Here's my hope:
Because Westworld is set in an amusement park, the movie deliberately invokes clichés. You might roll your eyes if a show presented a duel at high noon or a tavern brawl replete with a body sliding down the bar, but that's precisely the point here. The tourists want to participate within those clichés: stabbing Caesar, playing poker with Wild Bill Hickok, or commanding armies in a great medieval siege. HBO, via Rome, Deadwood, and Game of Thrones has been providing its own takes on these archetypal events and settings, so Westworld has the chance to get very meta.My fear is that it'll drag into endless repetitions of other stories about robots. That's not actually what's interesting about the film. What I liked so much is the commentary on genre, then the twists on genre when the robots don't play their parts "correctly" anymore.
Then again, I'm a genre nerd, go figure.
I also started watching Humans as I begin my own particular robot revolution television binge. Zombies are fine, I guess, but in Zombie shows, the interesting protagonists are all humans dealing with the collapse of their world. In Robot shows, on the other hand, you have the potential for more interesting interaction on both sides of the human-nonhuman line (rather than an implacable hungry deadite).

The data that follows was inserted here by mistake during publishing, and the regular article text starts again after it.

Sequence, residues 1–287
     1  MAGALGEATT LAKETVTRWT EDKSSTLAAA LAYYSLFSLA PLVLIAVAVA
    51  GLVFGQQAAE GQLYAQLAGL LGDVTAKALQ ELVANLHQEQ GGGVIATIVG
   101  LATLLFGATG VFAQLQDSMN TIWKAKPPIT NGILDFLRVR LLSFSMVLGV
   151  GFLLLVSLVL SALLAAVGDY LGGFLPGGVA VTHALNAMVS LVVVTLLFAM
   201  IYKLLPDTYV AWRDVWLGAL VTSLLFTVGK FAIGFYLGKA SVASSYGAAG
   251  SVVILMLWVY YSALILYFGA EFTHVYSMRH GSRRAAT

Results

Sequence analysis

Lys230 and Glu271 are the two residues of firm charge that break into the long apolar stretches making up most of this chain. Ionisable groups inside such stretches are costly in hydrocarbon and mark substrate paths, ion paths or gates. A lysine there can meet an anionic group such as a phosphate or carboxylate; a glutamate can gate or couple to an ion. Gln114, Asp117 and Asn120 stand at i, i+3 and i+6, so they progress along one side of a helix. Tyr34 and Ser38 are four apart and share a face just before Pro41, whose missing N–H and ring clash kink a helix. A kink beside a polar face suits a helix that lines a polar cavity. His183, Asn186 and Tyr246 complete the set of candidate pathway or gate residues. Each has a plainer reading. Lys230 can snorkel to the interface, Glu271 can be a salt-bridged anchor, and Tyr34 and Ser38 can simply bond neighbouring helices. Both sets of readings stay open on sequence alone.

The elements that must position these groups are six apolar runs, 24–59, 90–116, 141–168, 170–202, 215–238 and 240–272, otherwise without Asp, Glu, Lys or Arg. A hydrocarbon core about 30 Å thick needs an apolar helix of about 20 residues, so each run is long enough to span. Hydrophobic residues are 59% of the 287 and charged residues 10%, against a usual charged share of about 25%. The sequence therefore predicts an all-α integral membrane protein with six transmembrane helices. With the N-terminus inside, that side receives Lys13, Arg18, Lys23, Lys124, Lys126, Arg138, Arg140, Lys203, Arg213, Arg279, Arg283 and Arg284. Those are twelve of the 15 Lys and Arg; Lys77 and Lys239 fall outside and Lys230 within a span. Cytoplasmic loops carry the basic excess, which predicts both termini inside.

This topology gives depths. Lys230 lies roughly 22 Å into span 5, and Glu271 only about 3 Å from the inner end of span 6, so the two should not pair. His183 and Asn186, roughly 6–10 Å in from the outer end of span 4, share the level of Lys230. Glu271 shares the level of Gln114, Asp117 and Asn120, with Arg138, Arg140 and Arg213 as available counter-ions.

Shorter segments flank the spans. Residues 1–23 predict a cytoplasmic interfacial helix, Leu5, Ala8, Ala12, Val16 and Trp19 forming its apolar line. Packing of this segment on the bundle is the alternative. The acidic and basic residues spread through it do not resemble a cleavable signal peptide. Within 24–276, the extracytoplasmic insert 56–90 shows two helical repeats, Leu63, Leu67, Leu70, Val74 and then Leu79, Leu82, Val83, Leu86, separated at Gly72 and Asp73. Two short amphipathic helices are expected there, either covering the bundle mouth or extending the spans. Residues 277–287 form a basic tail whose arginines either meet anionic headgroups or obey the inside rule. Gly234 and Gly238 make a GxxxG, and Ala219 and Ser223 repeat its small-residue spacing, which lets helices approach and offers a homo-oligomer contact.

I am Legend (the book and one of the alternate movie endings) is interesting precisely because the "zombie/vampire/things" clearly are developing culture and identity, rendering them not identity, and turning the protagonist into the "monster." Just as a counter example.
Also, in any battle between robots vs zombies, robots win.